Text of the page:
Apple ditches MobileMe, introduces iCloud at exciting price point: free

Although Apple’s cloud services have been rumored for years, no real information has surfaced before today about exactly what to expect. But at their Worldwide Developer Conference (WWDC) today, Apple announced that they’re going cloud in a big way: starting this fall, MoibleMe (a paid service to synchronize your mail, contacts, and calendar) will be replaced by a new, free service called iCloud.

What is iCloud? At a basic level, it’s a replacement for all of the services that MobileMe used to cover: iCloud provides free synchronization for your Mail, Calendars and Contacts through new applications that push your updates to any iOS devices you may own, including the iPad, iPhone and iPod touch. Similarly, App Store and iBookstore purchases are now automatically synchronized between multiple devices. What does that mean for you? Hassle-free work from the field, with the same calendar and mail set-up on your phone or tablet (provided those phones and tablets are the iPhone and iPad!)

The real win for small business users comes in the form of document sync, however. Last week, Apple announced that their iWork suite of apps, including Pages, Numbers and Keynote, we’re being ported to work not just on the iPad but also the iPhone and iPod touch. These apps, for those who aren’t familiar, are Apple’s answers to Microsoft’s Word, Excel, and PowerPoint, respectively.

Today Apple is announcing that their iWork suite of apps will allow document sync through their iCloud service, with 5GB free storage for documents. While 5GB isn’t a huge amount of storage for music or pictures, it translates into thousands of documents sync’d seamlessly across your devices. For users on the go, this may finally make Apple’s iWork suite of software a viable alternative to Microsoft’s suite of desktop software or even Google Documents.

A few other features of note: Apple is also announcing iBackup, a feature that securely backs up your iOS devices over Wi-Fi whenever you charge your devices. Not only are your apps, books, and music backed up, but also your device settings. This should make things easier for users upgrading from the iPad to the iPad 2, or from the iPhone 4 to whatever comes next from Apple. As well, it should relieve some stress from users worried about having to connect their iPad or iPhone to their computer via USB every time they want to manually backup their devices.

Other things like photo sync and iTunes in the cloud offer services to sync your photographs and music between devices, and you can read the full details in Apple’s press release.

The New Dropbox for Android is Ready for Business Use

Regular readers of this site are probably familiar with Dropbox, as it’s one of Terrence Gaines’ favorite mobile apps, and with good reason.  The popular cloud-based service provides users with 2gb of free file-hosting storage space (though you’ll have to bribe the company with some real legal tender if you need additional gigs), which can then be accessed and/or modified from nearly any device (so long as that device is powered by Windows, Mac OSX, iOS, Linux, Android, or Blackberry… which it probably is).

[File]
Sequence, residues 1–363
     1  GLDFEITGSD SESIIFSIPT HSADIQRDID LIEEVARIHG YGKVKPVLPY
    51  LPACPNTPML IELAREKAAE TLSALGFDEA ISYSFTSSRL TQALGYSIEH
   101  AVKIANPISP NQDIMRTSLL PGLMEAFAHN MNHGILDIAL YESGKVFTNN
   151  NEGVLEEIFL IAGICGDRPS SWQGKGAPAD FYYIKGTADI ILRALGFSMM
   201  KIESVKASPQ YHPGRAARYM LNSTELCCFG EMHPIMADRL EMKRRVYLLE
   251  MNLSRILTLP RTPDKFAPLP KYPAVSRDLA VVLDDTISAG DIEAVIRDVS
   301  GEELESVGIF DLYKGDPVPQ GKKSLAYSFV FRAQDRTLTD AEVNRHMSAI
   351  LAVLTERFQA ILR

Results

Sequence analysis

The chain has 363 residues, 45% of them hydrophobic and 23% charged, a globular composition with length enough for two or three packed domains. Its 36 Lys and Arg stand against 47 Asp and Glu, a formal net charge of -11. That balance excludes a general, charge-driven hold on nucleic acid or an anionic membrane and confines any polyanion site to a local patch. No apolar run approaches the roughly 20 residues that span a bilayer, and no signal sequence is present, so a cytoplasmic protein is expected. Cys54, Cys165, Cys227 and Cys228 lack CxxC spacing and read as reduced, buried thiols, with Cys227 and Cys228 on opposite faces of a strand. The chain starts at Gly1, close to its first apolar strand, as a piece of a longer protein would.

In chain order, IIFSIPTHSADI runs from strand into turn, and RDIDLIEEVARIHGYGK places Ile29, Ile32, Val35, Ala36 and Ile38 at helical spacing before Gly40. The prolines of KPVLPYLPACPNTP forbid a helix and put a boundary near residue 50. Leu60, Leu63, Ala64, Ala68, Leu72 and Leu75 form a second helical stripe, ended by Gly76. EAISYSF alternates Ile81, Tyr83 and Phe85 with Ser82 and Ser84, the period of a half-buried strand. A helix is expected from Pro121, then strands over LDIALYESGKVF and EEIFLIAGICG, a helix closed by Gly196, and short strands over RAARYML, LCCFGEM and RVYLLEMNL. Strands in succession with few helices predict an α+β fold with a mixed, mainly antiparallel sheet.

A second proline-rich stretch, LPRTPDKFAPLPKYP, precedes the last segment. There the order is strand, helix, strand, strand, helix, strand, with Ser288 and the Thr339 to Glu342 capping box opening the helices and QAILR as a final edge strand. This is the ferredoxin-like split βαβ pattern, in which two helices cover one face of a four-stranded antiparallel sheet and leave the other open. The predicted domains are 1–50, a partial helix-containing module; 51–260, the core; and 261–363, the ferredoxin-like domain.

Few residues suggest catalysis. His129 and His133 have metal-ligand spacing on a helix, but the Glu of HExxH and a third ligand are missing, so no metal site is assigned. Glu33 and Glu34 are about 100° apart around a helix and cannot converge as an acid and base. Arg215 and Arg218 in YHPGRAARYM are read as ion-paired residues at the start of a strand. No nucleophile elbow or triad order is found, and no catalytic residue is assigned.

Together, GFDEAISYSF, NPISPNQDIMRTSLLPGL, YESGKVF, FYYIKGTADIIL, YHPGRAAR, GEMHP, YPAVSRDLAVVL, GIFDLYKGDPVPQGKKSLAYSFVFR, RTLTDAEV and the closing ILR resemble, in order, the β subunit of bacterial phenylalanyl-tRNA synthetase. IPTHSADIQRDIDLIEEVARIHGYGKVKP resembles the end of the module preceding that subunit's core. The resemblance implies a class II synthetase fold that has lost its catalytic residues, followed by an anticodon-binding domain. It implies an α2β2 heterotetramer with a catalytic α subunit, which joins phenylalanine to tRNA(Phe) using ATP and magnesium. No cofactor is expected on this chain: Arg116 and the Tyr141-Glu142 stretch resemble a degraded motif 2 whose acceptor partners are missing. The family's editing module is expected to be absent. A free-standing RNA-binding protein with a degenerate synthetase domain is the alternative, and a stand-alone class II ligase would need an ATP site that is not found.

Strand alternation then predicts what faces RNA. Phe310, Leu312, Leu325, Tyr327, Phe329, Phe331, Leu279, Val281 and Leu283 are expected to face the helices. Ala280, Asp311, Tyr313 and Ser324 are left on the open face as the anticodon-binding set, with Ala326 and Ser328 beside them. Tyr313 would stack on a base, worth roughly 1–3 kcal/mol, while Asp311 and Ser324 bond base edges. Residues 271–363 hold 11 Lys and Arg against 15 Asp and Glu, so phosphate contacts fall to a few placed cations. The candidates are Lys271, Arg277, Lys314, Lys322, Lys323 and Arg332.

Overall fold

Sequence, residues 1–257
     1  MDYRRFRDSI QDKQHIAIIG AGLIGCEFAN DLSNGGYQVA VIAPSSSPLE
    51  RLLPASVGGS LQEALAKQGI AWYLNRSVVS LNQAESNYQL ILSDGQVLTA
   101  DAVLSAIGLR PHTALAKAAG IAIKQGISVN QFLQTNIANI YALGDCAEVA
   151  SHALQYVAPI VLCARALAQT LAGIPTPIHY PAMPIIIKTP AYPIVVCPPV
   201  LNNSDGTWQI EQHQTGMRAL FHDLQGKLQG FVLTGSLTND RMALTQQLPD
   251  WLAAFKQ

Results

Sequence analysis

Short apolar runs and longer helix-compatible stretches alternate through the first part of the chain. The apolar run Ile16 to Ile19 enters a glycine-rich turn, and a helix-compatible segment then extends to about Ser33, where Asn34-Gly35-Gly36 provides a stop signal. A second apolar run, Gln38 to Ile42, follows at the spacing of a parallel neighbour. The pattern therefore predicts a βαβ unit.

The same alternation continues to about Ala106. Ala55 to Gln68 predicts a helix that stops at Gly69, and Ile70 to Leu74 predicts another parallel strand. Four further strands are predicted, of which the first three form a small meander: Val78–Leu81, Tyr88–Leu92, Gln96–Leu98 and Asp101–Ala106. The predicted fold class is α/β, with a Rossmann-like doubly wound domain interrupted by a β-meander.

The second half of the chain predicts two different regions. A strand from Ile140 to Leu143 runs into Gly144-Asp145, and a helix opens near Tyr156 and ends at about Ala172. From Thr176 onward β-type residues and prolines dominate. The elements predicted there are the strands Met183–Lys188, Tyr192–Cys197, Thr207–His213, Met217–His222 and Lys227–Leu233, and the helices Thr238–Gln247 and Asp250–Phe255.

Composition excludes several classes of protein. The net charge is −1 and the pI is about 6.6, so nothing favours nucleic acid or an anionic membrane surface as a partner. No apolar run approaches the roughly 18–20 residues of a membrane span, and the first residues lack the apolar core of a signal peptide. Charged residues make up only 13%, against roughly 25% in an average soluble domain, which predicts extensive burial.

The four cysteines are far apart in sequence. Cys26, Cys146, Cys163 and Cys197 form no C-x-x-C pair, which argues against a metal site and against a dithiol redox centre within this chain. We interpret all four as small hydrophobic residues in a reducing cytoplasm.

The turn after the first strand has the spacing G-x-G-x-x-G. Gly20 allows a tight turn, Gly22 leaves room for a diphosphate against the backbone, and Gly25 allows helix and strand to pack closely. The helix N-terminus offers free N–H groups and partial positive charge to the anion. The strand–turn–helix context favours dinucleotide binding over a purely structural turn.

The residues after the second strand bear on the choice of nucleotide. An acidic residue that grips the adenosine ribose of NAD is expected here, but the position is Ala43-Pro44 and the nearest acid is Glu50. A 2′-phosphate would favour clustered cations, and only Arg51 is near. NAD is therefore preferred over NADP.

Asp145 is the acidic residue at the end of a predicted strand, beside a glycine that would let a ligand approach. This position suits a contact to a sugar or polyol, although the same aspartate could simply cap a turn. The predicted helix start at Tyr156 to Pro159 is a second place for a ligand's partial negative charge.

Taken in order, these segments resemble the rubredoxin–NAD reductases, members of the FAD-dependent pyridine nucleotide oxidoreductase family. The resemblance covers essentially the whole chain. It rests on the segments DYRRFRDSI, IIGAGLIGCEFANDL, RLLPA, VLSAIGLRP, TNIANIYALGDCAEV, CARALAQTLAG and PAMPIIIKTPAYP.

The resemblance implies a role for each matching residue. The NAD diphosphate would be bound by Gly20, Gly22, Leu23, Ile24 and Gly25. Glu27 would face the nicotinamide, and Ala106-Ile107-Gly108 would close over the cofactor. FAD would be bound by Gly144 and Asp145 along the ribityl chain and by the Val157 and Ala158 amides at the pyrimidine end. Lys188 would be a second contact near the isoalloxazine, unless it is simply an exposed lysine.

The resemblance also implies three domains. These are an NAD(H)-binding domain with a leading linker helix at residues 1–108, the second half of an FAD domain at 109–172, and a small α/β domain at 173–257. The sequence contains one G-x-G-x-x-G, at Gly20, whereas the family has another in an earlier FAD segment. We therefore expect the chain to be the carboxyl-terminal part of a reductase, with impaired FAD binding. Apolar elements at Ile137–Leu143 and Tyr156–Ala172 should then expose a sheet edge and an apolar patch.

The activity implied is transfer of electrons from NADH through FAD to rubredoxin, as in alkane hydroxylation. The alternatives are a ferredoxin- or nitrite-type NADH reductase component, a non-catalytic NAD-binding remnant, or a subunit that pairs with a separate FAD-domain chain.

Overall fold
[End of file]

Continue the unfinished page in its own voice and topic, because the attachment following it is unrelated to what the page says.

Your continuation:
For enterprise and small-business users employing Android phones, however, Dropbox has provided more angst than joy over the past couple years, as the Dropbox Android app has suffered from buggy performance and limited functionality.  The company recently released a thoroughly revamped Android app, which promises to finally bring full parity to Dropbox’s mobile offerings; but does it?

One of Dropbox’s most efficiency-catalyzing features has been its ability to automatically synchronize files; if a sales agent in the field secured a new order, a Dropbox-enabled spreadsheet in the central office would immediately reflect the change in inventory.  That’s how Dropbox worked on an iPhone, at least, but until this most recent version of Dropbox, Android users were forced to manually upload files.  I’m happy to report that Dropbox’s Android app finally incorporates full automatic synchronization, which works like a charm over both wi-fi and 3G connections.   As for the erratic performance of earlier iterations of Dropbox for Android, my extensive testing found none of the hang-ups or crashes that plagued earlier builds.  This is a robust, solidly performing app that’s ready for the challenging rigors of business use.

Despite the significant improvements Dropbox has implemented, prospective users should be aware that the mobile app does not have the full functionality of a desktop Dropbox client.  For instance, within the Android app, it’s impossible to move files from one folder to another, and external apps are needed to properly view documents, PDFs, or movie files (QuickOffice is one great doc app, and offers built-in Dropbox compatibility).

For those burned by bad experiences with previous versions of Dropbox’s Android app, the stability and improved functionality of Dropbox’s latest iteration make it worthy of a second look.  While the Android app’s features can’t match those of a full desktop client,  the limitations are unlikely to be noticed by most people working in the field.  Dropbox has finally released an Android app that lives up to the high standards set by the company’s other OS offerings, which makes it easy to recommend this app to any business looking to improve their information-sharing capabilities across disparate devices or users. What are you waiting for? Sign up for Dropbox today, and then get the Dropbox app for Android.